Supply needs and confidence in engineering trumped public fear and environmental loathing in a landmark regulatory decision to let Alberta producers keep a major drilling target, “sour” gas laced with lethal hydrogen-sulphide.
In a ruling that irate protesters immediately branded “a licence to kill,” the Alberta Energy and Utilities Board approved a sour-gas drilling program by Compton Petroleum Corp. next to affluent neighborhoods on the southeastern boundary of Calgary.
Government and industry officials including provincial Energy Minister Greg Melchin described the decision, which followed about two years of preliminary wrangling and 30 days of hard-fought oral hearings, as an important signal.
The message was clear. Provided enough precautions are taken, by adopting special equipment and making emergency plans that satisfy the senior engineers who run the regulatory system, the industry will keep access to the nearly one-third of Alberta gas which contains hydrogen-sulphide.
There was no doubt that the gas involved in the Compton case is dangerous. The drilling target is an estimated 68 Bcf of gas with a hydrogen-sulphide content of 35.6%. The impurity is rated as deadly by provincial occupational health and safety regulations at concentrations of one-tenth of 1%, and as dangerous at significantly lower levels to workers liable to be exposed to the gas for prolonged periods.
The AEUB’s ruling acknowledged “the potential hazards associated with an uncontrolled release are significant where the hydrogen-sulphide content of the gas that will likely be encountered is 35.6%, as is the case with Compton’s applications.”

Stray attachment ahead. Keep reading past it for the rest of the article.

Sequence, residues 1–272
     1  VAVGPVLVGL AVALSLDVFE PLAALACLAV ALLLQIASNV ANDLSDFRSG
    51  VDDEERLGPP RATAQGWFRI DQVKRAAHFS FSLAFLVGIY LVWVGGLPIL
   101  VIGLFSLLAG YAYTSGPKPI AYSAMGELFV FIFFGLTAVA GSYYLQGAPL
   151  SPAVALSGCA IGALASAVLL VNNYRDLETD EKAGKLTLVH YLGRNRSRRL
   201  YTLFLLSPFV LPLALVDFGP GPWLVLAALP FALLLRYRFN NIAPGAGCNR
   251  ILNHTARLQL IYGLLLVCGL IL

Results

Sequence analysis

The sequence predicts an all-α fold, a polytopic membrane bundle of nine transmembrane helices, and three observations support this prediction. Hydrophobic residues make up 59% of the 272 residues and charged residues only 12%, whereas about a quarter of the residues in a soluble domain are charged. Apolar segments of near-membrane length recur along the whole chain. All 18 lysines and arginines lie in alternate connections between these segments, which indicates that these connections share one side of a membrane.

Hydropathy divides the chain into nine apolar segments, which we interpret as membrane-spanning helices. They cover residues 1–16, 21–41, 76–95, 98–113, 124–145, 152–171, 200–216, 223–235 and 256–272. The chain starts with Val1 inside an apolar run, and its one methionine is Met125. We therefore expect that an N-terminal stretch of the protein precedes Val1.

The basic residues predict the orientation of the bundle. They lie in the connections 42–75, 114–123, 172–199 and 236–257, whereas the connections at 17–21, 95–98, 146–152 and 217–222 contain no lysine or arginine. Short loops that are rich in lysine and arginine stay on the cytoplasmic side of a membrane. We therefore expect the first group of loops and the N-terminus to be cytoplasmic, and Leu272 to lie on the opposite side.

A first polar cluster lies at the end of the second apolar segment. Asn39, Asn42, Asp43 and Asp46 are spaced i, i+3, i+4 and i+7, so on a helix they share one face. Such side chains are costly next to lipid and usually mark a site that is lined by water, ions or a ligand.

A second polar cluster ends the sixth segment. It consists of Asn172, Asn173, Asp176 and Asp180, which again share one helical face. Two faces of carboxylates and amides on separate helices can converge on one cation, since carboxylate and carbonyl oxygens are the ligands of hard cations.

Calgary civic and health officials, while using more diplomatic language than community protesters, lined up against the drilling program. The gas field involved is one of the oldest in Alberta and was tapped quietly for decades before suburban expansion put a growing city population into direct contact with industry operations. Compton was producing the target gas in small volumes but sought to increase production with up to six horizontal wells in order to drain the reserves within 15 years in order to clear the field from the path of further residential development.
The decision said, “The Board does not consider that the public interest would be served by requiring (industry) applicants to show that a proposed project presents no risk whatsoever in all cases. Such a requirement would be unrealistic and insurmountable, guaranteeing that no exploration for or recovery of sour gas reserves could be approved in Alberta.”
The ruling included a lecture on the difference between hazard and risk. The two concepts are very different, the AEUB said. Hazard describes the nature of the substance involved. Risk describes the likelihood that something will go wrong to turn the hazard loose on society.
Viewed through the cool, rational, calculating perspective of engineers “any form of energy development presents a level of risk to the public,” the AEUB said. The question is whether technology and plans exist to hold the risk down to acceptable levels, the board emphasized.
The decision imposed more than a dozen conditions on the approval of Compton’s program, led by an elaborate emergency response plan covering the area out to a distance of about 10 miles from the well site. Requirements also include immediate ignition of any leak. When burned, hydrogen-sulphide turns into relatively harmless sulphur-dioxide or the smelly but not immediately lethal vapor left after blowing out a freshly-lit match. In areas close to the well, the emergency plan requires either immediate evacuation of the population or ignition of a leaking well if the hydrogen-sulphide concentration approaches 20 parts per million.
Although Compton won the case in principle, in practice it put off deciding on whether to go ahead on the drilling program. Time was needed to see whether the project was still economic under the conditions the AEUB put on the permit, the company said. Other producers and industry associations likewise pored over the decision, studying it for precedents with potential to affect sour-gas projects across Alberta.
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